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Director's Column

PLSJC Director Alan Hall writes a weekly column discussing library and community news, history, and other interesting subjects.

Carnegie Libraries

By Alan Hall, Director, PLSJ
Publish Date - Sunday, April 16, 2017

 If you were a book reader in 1886, you would have likely grabbed a new book titled, “Triumphant Democracy: or Fifty Years March of the Republic.”


The 500 page book is “heavy,” not in the weight of the pages, but the complexity of the text and its wording.


It is a history of America written from the perspective of an immigrant who had assembled an education and the knowledge that ultimately created one of the great industrialists of the 19th Century – Andrew Carnegie.


If you read his book carefully, there were clues as to what this man was on the verge of doing in the world: funding the establishment of 2,509 public libraries in the English-speaking world.


At the end of the chapter on literature, he writes, “Triumphant Democracy is triumphant in nothing more than when its members are readers and buyers of books.”


“The monarchist boasts more bayonets, while the republican more books.  We know which weapon is the more effective in these days.  ‘The paper bullet of the brain’ is the moral dynamite of Triumphant Democracy.”


He was going to build libraries to house those “paper bullets.”


By the time this book had been published, his first library in his hometown of Dunfermline, Scotland had opened in 1883 in the town where his father had fellow weavers donate to a collection of books for all to share.


Between 1886 and 1896, Carnegie promised libraries in many cities containing his steel plants in Pennsylvania including Allegheny, Johnstown, Pittsburgh, Braddock, and Homestead.  In the middle of these offers was one to Fairfield, Iowa bringing forth that these offers were being extended to “other cities.”


A committee hastily formed in early 1899 in our own city, extended a request to Carnegie for one of “his libraries,” and Steubenville was granted $ 50,000 in a letter dated June 30, 1899 – the first in Ohio.


East Liverpool received the same offer, followed quickly by Sandusky; thereby making the three cities the first three in Ohio to have Carnegie Libraries.  Sandusky was the first to open to the public, as it already had the site available for construction.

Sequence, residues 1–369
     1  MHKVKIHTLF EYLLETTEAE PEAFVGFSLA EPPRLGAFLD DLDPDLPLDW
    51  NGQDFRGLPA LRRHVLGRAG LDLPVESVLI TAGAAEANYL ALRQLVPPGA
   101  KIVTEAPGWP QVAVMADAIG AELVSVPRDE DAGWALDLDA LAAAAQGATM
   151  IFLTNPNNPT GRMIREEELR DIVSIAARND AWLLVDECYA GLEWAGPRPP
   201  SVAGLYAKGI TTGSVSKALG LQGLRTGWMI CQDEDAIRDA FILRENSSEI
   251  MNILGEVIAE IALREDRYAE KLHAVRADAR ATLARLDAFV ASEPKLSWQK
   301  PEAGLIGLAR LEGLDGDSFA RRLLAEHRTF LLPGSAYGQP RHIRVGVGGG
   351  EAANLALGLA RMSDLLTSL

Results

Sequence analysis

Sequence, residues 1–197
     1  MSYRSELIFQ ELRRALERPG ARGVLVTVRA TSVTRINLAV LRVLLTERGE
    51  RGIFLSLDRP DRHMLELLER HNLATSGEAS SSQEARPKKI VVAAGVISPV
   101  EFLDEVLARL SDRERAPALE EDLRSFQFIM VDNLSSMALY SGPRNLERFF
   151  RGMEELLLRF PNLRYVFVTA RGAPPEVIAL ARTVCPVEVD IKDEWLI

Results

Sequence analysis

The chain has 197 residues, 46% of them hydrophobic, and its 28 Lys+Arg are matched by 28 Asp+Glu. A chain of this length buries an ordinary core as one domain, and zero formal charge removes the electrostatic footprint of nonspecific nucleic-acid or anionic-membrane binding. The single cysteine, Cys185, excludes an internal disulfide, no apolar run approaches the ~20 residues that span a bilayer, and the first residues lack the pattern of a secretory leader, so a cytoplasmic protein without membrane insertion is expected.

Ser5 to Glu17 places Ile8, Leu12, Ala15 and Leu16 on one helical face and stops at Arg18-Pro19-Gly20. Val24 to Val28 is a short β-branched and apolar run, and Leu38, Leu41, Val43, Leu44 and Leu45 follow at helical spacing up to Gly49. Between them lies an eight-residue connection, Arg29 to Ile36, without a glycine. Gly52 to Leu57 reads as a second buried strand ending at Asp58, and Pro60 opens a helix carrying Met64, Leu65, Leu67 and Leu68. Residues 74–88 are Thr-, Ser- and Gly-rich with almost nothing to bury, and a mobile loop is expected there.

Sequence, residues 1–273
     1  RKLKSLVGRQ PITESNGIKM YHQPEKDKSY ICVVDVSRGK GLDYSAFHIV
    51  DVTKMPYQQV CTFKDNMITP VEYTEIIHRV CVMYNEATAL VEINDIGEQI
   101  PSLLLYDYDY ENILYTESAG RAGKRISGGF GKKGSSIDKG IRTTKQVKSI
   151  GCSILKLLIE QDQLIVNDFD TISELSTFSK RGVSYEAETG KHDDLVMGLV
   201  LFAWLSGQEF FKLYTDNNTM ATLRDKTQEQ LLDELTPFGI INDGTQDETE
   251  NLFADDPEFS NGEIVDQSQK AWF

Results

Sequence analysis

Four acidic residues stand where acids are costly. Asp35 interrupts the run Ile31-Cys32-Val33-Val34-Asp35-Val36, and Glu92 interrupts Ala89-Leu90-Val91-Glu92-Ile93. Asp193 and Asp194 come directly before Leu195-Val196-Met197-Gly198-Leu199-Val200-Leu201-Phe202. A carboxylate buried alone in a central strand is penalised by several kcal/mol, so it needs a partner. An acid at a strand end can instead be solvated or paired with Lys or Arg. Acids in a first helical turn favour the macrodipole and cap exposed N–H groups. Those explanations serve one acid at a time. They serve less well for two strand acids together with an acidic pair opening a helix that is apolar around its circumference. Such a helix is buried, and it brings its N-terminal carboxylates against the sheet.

Meanwhile, the Steubenville committee was studying the Pittsburgh area libraries many of which had music halls, exercise rooms, and such, and they hired Alden & Harlow Architects of Pittsburgh to design the same for Steubenville.


Those perks were only for Pittsburgh area Carnegie Libraries, and the third Wing of the Steubenville building was eliminated, although the short connector remained.  A second check for $ 12,000 from Carnegie was received as costs exceeded his original donation.


Nearly all Carnegie Libraries featured an entry staircase symbolizing a person’s elevation by learning with exterior lampposts to symbol enlightenment.


That first common feature doomed many Carnegie Library buildings by the 1960s, as they eliminated physical access by people with disabilities and efforts to renovate to remove or adapt these features caused nearly half of the buildings to disappear in use as libraries.


In our own case, years of review and study resulted in no method of renovating the building to make it accessible without huge costs.


The answer was to remove later additions for the Bookmobile and offices, and shift the building’s entrance to a street-level Slack Street location and use the original extension on the 1902 Carnegie building as a centerpiece to link to new interior stairways and an elevator.


The Carnegie building and its familiar façade will remain untouched with its new cousin building taking up the rear and providing a new entrance and lobby.


So what would Andrew Carnegie think of all of this?  Actually, he didn’t involve himself in the actual construction of the libraries, and rarely made an appearance on opening day.


He didn’t even want them named after him, and today only two of Ohio’s libraries use “Carnegie” in their names.


Like most of the nation, about half of Ohio’s 105 Carnegie buildings are no longer libraries and a dozen have been demolished.  Others are now offices, alternative public buildings, or are standing empty.


When our renovation is finished, our Carnegie will stand proud and ready to serve for another century.